New Option for Old Fiber

Sep 2, 2020, 16:44 PM
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July/August 2020

By Emilie Shumway

Recycled fiber pulp is a new and growing market for recyclers looking to sell their mixed paper and old corrugated cardboard, but its future still depends largely on China. 

A New Option for Old FiberEvery week, haulers working for Vangel, a commercial paper recycler based in Baltimore, collect old cardboard, newspapers, and especially office paper from high-rises and other multi-tenant buildings downtown. The recycler has barely moved a shipment of the last of these—mixed office paper—since June 2017, says Valerie Androutsopoulos, principal at Vangel. The demand has simply been too low. 

This story is all too familiar to paper recyclers across the United States, many of whom have had to warehouse or even reluctantly landfill mixed paper grades in the wake of China’s import restrictions on recovered paper, which began in 2017. But China’s policy shift didn’t suddenly negate its need for fiber, says Bill Moore of paper recycling consulting firm Moore & Associates (Atlanta). “If Chinese mills can’t bring in recovered paper, they have to get that fiber somehow,” Moore says. “One way to do that is to buy unbleached recycled fiber market pulp.” 

The grade Moore is referring to is a beacon of hope for paper recyclers: a product that came on the market in 2017 in direct response to China’s import restrictions. It has been the goal of some Chinese paper companies’ new in-vestments in North American mills over the past year and a half, and of their continuing probes of both shuttered and currently operating mills. The emergence of recycled fiber pulp is good news for paper recyclers, says Hannah Zhao, senior economist on recovered paper at Fastmarkets RISI (Burlington, Mass.). However, the grade’s novelty and producers’ uncertainty about future Chinese policy moves mean paper recyclers are not yet ready to count this market in their long-term plans.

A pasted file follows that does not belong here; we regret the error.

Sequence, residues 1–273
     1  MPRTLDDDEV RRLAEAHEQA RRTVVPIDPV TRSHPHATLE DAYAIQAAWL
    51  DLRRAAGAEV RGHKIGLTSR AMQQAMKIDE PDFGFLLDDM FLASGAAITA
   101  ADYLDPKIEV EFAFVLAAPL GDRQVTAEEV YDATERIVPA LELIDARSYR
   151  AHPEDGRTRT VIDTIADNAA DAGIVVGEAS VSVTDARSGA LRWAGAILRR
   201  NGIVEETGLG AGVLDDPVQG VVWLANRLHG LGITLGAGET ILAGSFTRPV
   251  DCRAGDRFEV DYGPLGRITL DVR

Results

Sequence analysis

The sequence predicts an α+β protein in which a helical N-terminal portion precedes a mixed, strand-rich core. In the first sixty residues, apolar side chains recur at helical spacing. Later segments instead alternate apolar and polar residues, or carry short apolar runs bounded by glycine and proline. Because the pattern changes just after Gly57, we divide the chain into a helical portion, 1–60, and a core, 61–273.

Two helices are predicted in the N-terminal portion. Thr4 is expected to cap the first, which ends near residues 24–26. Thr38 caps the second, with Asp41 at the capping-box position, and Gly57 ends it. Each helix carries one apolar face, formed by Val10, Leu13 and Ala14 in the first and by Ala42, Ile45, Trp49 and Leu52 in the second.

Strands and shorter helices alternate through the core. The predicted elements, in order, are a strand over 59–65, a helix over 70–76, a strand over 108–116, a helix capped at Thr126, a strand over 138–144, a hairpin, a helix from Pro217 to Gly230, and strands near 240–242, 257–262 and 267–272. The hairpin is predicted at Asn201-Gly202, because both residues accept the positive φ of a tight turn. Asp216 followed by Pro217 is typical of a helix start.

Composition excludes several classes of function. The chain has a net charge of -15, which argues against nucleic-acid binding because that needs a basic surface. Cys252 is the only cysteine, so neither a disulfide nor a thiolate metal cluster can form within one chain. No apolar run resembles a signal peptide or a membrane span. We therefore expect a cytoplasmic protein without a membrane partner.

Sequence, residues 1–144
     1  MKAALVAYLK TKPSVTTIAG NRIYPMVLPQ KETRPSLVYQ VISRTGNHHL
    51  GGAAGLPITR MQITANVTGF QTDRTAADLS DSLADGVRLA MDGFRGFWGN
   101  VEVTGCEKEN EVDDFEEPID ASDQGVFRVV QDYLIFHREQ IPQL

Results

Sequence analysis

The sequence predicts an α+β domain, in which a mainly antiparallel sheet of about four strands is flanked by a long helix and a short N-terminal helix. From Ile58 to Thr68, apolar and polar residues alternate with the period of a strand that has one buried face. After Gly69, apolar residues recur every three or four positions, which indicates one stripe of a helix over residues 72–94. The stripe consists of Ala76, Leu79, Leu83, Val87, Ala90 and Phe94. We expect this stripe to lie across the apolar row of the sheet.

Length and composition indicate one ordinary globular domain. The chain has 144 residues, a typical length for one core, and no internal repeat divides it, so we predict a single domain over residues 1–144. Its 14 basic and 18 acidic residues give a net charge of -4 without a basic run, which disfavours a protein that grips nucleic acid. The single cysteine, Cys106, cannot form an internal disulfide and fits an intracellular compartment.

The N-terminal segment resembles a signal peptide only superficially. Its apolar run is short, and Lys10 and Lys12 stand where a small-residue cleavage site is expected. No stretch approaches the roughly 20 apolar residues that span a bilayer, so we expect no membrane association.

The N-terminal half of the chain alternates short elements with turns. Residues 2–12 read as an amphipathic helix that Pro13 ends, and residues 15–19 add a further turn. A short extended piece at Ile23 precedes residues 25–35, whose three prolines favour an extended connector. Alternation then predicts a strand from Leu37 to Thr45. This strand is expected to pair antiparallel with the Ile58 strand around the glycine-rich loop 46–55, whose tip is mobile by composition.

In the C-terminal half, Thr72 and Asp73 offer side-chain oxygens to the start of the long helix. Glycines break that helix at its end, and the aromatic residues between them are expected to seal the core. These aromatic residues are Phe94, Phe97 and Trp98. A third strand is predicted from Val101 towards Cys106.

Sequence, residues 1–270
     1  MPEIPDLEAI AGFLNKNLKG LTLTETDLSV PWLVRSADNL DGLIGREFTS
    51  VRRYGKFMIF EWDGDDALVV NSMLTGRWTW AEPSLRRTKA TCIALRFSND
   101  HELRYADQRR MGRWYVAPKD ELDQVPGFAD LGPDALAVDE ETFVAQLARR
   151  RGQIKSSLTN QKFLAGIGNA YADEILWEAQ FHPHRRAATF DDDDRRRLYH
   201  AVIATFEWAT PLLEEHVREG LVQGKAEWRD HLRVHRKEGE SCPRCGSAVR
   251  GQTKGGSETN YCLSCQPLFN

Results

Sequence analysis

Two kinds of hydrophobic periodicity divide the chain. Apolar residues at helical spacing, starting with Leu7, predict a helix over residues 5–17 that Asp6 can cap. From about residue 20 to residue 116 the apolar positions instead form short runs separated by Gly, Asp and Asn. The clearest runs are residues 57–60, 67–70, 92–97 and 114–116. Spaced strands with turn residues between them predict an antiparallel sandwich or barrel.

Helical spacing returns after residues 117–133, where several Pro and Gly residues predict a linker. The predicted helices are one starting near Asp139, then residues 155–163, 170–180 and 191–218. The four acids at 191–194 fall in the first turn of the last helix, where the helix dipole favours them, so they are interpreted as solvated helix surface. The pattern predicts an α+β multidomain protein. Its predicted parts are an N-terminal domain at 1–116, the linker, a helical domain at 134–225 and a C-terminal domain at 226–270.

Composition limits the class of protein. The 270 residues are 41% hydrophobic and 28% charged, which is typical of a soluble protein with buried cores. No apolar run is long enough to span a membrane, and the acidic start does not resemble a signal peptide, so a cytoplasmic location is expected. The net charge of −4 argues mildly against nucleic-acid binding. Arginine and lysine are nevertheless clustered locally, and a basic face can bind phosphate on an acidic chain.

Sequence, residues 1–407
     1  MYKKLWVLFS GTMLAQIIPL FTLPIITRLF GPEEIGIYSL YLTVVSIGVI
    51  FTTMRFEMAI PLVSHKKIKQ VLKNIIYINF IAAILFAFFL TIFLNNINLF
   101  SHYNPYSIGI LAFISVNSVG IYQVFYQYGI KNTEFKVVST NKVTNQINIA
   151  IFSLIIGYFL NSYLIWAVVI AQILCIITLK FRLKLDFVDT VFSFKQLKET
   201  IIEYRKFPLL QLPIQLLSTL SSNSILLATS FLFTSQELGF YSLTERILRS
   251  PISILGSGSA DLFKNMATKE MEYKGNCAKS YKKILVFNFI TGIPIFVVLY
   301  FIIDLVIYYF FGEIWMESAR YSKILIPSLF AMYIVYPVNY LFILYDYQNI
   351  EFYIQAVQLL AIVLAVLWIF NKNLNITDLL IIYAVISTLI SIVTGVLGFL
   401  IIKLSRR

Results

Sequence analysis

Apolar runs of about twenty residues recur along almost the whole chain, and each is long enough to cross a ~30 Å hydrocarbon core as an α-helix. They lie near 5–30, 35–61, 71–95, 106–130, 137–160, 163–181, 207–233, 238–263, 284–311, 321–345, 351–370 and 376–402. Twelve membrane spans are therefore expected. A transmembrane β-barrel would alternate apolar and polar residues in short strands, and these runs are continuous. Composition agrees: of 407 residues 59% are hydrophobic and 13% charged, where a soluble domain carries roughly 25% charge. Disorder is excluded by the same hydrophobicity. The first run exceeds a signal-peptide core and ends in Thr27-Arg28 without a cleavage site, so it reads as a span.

The Fiber Gap

Mills produce recycled fiber market pulp from collected, sorted recovered paper. They clean it with state-of-the-art fiber processing technology, dry it to no more than 10% moisture, and wrap, bale, and roll it for shipment, Moore says. Brown pulp, suitable for containerboard, contains 70% to 100% old corrugated cardboard and 0% to 30% mixed paper; gray pulp, suitable for boxboard, may contain as much as 75% mixed paper and as little as 25% OCC, Moore says. Neither grade is bleached. The product differs from bleached recycled pulp, which consists of high paper grades and pulp substitutes and which mills use in graphic paper and tissue applications. Bleached recycled pulp “is a much smaller market, and a much more focused market,” says Kelly McNamara, senior market analyst at Numera Analytics (Toronto). “The unbleached recycled pulp marketplace is the one that’s been rapidly growing.”

The United States exported more than five times the amount of recycled pulp in 2019 as it did in 2018, shipping more than 260,000 tons, according to data from the U.S. International Trade Commission. China was the destination for 81% of it; shipments of recycled pulp to China grew from slightly over 11,000 tons in 2017 and 14,500 tons in 2018 to more than 215,000 tons in 2019. 

The pulp grade is a unique commodity by being entirely created as a response to policy, these analysts say. Without being able to import OCC and mixed paper in the quantities they had previously due to increasing restrictions on recovered paper imports, Chinese packaging manufacturers have been searching for other ways to bring in enough raw material supply to meet demand. By pulping in the United States, drying the product, and exporting it back to China, they have found a way around the “solid waste” designation the country has applied to recovered paper grades. In fact, Zhao says, there are no well-established rules or quality specifications for recycled pulp imports yet. “There’s no quality standard in terms of how much OCC and how much mixed paper you have to use, whether you have to make a dry pulp or if you can make a wet pulp,” she says. “So there are a lot of varieties right now.”